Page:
Gourmet doughnut craze

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Gone is the classic and uncomplicated doughnut. Replace the simple glazed pastries of the past with a blueberry cheesecake filled confection and that’s right on trend with one of the latest food fads.

Doughnuts have stolen the throne from cupcakes and gained extensive culinary attention as they climbed to fame in the food scene.

Now, gourmet doughnut shops produce treats with fancier, more complex flavors, such as crème brûlée, peanut butter and jelly, or strawberry basil lime.

And of course, for one reason or another, a food can’t exist for too long without someone adding bacon to it. The popular maple and bacon combination can be found in a variety of baked goods, whether it’s fritters or different forms of doughnut.

Along with the increased popularity of doughnuts, there is a new food hybrid on the culinary scene, called a Cronut. It’s a croissant doughnut cross created by a Soho baker, Dominque Ansel. Now that he and his invention have reached widespread fame, customers from all over the world line up early outside his store in hopes of buying one of his creations.

If you can’t make it to New York, then never fear, because due to the confection’s newfound popularity, imitations can be commonly found in shops across the nation.

As of the recent trend, fancy shops are becoming more prevalent in the U.S., with several naturally appearing in Southern California.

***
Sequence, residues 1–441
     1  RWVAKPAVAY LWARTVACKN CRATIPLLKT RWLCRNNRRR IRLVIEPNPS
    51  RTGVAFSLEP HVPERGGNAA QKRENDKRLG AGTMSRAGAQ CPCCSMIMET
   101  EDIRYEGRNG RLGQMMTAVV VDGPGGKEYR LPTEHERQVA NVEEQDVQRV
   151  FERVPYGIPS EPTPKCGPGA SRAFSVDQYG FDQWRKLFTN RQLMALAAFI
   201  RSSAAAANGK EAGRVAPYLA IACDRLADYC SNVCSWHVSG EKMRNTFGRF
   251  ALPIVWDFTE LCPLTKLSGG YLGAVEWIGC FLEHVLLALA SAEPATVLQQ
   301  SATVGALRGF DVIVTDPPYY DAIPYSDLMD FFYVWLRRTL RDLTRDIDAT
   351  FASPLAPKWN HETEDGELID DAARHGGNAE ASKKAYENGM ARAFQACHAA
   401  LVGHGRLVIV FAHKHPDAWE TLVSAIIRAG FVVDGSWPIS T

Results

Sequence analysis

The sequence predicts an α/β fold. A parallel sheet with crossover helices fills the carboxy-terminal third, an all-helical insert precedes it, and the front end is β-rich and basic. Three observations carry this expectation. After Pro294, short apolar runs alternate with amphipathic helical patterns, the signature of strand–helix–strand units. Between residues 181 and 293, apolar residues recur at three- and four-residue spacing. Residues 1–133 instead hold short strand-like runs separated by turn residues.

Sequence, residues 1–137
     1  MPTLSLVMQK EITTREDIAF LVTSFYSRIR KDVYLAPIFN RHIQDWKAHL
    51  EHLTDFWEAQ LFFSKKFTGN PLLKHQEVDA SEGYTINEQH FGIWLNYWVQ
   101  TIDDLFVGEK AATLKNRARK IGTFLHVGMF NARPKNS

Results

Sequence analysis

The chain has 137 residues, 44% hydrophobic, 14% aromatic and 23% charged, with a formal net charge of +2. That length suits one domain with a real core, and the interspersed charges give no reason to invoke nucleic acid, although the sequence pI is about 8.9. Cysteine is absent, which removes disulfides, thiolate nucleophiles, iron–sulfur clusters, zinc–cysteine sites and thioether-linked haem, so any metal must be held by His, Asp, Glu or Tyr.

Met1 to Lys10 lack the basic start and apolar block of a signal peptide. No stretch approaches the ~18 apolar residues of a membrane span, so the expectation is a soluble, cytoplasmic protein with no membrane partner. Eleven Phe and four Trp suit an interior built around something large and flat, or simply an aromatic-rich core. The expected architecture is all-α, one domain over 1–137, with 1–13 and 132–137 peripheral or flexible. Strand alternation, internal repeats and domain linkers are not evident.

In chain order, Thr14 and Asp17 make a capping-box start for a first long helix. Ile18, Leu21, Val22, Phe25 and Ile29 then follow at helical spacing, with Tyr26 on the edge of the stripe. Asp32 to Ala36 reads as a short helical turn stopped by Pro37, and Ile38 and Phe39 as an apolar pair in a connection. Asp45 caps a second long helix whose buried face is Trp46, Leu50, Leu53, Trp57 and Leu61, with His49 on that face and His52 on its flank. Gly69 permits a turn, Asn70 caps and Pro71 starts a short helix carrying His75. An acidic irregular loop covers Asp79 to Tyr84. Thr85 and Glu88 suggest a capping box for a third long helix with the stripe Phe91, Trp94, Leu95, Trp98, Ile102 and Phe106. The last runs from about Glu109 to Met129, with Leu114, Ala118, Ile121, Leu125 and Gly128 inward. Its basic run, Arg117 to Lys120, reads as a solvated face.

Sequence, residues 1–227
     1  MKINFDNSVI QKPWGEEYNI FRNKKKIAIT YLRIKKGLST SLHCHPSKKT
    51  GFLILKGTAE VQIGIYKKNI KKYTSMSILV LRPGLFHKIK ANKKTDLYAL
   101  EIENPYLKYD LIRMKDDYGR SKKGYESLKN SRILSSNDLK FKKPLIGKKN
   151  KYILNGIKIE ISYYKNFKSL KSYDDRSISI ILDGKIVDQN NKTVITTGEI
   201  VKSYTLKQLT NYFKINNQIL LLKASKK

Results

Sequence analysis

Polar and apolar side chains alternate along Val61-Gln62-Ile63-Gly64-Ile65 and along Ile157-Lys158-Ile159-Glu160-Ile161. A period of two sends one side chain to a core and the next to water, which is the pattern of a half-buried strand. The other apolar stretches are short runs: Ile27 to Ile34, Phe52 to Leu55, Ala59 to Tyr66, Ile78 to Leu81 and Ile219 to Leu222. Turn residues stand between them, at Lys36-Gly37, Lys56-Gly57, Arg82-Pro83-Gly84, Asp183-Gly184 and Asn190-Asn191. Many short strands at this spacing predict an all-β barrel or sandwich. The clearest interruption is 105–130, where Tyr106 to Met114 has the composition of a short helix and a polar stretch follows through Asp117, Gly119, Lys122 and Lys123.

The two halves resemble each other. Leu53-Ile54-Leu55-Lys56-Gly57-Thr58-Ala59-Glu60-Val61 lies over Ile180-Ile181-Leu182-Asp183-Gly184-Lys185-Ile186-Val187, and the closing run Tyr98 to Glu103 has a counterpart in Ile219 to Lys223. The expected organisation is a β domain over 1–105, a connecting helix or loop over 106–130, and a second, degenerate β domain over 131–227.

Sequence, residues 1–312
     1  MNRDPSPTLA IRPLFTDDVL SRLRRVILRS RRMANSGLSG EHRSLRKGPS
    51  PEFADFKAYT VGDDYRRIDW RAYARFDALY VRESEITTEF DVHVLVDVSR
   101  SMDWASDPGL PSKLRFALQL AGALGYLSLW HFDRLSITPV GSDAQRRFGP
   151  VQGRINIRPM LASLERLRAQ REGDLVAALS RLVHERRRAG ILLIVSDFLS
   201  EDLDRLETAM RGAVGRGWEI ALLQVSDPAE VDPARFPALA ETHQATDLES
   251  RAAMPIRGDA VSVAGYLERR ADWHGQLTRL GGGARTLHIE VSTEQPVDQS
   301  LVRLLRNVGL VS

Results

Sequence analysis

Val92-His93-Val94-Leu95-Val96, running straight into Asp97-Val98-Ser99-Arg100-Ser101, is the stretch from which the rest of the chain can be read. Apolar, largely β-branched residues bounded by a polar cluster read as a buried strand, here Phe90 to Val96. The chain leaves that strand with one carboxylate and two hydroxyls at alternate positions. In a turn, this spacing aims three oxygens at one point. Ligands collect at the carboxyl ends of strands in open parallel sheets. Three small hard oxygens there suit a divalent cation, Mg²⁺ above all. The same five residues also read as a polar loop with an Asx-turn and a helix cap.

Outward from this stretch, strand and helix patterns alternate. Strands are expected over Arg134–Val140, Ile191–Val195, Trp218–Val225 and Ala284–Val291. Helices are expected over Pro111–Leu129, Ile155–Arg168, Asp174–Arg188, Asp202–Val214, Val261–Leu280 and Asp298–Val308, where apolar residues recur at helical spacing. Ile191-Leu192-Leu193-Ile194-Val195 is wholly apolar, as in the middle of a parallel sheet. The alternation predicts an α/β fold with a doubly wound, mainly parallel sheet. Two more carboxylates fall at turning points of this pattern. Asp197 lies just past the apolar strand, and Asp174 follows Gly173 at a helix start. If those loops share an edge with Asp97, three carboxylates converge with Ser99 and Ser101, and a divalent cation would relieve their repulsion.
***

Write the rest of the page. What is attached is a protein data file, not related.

The Donut Bar, in San Diego, has doughnuts ranging far and wide, with flavors like red velvet and buttered rum. The store also has their version of the trademarked Cronut, which they call a CroBar.

Sidecar Doughnuts and Coffee has a December menu, with flavors like gingerbread, eggnog, and Callebaut chocolate mint, and of course, their own maple bacon confection. Their doughnuts can be purchased from their storefront in Costa Mesa, or their truck.

The Donut Snob, in Los Angeles, has a more limited menu, but serves up acclaimed treats like the Campfire, glazed with chocolate ganache, dusted in graham cracker crumbs and topped with a roasted, handmade marshmallow, or the Oinkster, with a maple cinnamon and orange zest glaze that is topped with, unsurprisingly, maple bacon.

As gourmet doughnuts become more popular, and bakeries keep popping up, the possibilities are endless.  Ten years ago the idea of bacon in a doughnut was inconceivable, and look what bakers are doing today.

Who knows? Maybe instead of choosing the average vanilla glazed version, people will be grabbing a gingerbread cranberry delight. Someday, gourmet just might be the new normal.

Written by Amanda Leslie

Amanda is a senior and the opinions editor for the MCSun. (Obviously the best section.) Her hobbies are sleeping and listening to music. She likes to pretend that she could be an FBI agent when she grows up.

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